How Sherlock Holmes Made Me a Better Basketball Player
By Kareem Abdul-Jabbar
English professors are always preaching about how literature and art can make us better people. In my case, literature made me a better basketball player.
During my first year in the NBA when I was playing for the Milwaukee Bucks, a friend gave me the complete set of Sherlock Holmes stories. I lugged them along on the team’s next road trip. I was fascinated by Holmes’ ability to see clues where other people saw nothing. It was like he saw the world in color while everyone else saw it in black and white.
I was immediately inspired to apply Holmesian powers of observation to my basketball game. Certainly there had to be some way to apply Holmes’ skill in a practical way to help give me an edge. Because I kept playing the same athletes over and over, I began carefully observing their moves, their habits, and their weaknesses, cataloguing them in mental files. Of course, many athletes keep mental books on opposing players, but I wanted mine to be even more detailed.
Remembering how Homes relied on his rag-tag street boys, the Baker Street Irregulars, to help him gather information, I decided to modify his approach. I began paying close attention to the chatter amongst the ball boys and other staffers. One time I overheard a couple ball boys discussing how Bob Lanier and his coach liked to smoke in the locker room at half time. After hearing that, I decided to run Lanier up and down the court as fast as I could in order to tire him out. I’d let his smoke-addled lungs do the rest.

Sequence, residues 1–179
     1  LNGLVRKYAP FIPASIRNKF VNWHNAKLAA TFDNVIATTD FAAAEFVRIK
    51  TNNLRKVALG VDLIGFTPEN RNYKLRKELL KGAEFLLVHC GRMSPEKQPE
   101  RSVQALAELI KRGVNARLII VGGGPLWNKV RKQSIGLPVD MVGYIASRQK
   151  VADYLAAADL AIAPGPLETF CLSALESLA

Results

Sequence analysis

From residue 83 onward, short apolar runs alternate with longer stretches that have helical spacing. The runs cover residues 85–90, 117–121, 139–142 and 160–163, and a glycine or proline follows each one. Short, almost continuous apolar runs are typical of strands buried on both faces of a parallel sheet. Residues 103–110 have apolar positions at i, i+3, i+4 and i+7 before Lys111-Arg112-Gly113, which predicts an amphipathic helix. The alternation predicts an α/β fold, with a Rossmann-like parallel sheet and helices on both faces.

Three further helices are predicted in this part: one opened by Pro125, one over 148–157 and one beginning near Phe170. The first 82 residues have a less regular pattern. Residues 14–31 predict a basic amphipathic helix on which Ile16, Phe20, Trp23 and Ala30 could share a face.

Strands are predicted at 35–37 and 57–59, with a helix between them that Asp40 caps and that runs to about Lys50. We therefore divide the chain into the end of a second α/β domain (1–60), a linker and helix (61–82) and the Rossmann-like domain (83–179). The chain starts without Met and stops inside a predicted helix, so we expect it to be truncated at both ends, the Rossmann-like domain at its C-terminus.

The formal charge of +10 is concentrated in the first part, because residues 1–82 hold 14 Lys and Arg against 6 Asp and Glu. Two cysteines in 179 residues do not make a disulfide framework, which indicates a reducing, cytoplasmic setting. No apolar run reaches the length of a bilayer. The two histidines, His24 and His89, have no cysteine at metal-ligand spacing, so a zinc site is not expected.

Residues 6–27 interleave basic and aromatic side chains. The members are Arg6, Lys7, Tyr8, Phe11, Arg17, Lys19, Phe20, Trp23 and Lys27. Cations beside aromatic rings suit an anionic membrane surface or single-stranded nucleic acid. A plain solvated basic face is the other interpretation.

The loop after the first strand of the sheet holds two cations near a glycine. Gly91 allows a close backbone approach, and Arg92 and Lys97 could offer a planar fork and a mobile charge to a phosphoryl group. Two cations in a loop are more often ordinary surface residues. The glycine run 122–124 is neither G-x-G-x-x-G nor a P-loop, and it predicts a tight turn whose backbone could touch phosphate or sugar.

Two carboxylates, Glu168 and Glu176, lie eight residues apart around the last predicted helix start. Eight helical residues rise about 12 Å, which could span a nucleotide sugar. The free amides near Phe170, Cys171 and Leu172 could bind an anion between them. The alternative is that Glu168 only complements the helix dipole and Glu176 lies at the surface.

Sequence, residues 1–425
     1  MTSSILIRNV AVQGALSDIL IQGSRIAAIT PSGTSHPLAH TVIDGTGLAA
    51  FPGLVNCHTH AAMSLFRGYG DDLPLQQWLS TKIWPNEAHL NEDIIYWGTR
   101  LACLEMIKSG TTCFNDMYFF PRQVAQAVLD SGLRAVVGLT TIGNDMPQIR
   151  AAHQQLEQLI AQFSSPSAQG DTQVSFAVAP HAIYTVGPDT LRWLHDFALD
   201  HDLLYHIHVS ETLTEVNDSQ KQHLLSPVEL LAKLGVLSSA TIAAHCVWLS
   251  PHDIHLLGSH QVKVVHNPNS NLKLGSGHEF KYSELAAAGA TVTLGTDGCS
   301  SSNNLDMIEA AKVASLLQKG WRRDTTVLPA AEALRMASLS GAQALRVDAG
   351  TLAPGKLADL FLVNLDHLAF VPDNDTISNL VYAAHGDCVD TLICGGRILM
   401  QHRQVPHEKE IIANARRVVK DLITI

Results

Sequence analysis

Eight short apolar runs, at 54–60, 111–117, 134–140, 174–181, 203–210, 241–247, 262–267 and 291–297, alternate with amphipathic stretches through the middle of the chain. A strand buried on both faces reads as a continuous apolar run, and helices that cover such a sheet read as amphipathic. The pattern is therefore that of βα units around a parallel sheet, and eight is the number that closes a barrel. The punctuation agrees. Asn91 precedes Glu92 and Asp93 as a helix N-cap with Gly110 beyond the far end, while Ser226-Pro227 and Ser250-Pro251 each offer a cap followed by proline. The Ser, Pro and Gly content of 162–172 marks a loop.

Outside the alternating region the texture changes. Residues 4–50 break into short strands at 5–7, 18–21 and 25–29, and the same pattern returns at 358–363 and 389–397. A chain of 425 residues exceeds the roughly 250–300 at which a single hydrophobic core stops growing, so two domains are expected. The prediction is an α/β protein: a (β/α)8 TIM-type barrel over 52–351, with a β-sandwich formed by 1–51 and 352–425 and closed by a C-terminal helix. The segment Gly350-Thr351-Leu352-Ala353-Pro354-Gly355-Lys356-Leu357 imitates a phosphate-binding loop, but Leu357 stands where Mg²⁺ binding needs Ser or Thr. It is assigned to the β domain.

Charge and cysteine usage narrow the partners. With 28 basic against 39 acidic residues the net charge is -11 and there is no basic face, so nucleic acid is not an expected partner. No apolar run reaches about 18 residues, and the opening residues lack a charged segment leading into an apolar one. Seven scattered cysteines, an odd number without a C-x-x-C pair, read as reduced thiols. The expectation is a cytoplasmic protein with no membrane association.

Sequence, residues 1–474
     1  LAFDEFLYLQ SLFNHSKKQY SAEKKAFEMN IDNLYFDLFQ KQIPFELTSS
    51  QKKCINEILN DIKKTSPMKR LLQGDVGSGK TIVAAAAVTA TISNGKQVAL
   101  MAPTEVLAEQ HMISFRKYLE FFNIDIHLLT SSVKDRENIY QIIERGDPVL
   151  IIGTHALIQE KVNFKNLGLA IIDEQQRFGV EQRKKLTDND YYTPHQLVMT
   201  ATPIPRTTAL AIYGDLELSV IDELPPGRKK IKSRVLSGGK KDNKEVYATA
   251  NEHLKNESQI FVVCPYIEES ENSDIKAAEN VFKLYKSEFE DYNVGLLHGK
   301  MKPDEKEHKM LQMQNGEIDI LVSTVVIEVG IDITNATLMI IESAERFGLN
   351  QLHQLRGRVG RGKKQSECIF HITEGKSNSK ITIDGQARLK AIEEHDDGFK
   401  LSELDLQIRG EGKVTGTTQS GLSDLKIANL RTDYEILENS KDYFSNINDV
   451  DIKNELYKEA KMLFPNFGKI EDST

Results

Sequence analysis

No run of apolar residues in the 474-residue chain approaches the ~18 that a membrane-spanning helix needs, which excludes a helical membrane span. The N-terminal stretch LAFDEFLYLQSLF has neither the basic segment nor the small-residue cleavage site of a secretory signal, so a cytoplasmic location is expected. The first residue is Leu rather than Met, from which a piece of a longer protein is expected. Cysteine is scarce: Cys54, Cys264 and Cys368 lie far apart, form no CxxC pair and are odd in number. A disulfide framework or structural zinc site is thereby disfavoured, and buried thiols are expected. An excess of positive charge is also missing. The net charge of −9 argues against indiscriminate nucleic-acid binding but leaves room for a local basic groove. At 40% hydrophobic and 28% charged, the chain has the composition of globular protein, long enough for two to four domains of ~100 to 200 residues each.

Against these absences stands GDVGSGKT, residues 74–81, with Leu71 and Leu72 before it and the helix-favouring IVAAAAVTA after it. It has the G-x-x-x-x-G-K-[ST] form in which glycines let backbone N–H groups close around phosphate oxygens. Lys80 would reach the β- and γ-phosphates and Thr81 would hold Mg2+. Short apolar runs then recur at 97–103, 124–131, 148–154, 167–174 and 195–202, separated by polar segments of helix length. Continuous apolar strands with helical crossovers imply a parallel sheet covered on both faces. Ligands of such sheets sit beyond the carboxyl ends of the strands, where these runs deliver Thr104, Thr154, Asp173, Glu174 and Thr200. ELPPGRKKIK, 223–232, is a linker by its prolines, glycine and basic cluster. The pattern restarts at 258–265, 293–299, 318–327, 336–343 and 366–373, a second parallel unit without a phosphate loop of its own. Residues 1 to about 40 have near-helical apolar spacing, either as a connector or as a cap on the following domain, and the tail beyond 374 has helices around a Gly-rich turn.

Thanks to Sherlock Holmes, the game was quite literally afoot.
About the Book:
Fresh out of university, Mycroft is working for Edward Cardwell, the British Secretary of State for War, and is already proving himself as a shrewd player in the British government. His best friend is Cyrus Douglas, a man of African descent born and raised in Trinidad, where Mycroft’s new fiancée, Georgiana, also was raised.
Cyrus hears troubling news from home: mysterious disappearances; strange, backwards-facing footprints on the sand; spirits enticing children to their deaths. Holmes’s fiancée receives the same news, abruptly panics, and departs for Trinidad. Mycroft, worried to death for her, talks Cyrus into following her on this hazardous journey, drawing them all into a web of dark secrets that grow more insidious and baffling with each step they take.
Sherlock Holmes will appear as a student at King’s College, along with enticing hints about the ‘true state’ of the Holmes family—and the painful legacy that the brothers endure. The tragedies that Mycroft encounters in this adventure are the seeds that will eventually turn him into the reclusive genius ‘power’ behind the British government, and the founder of the famous Diogenes Club.
For more information about Mycroft Holmes, coming October 2015, click here.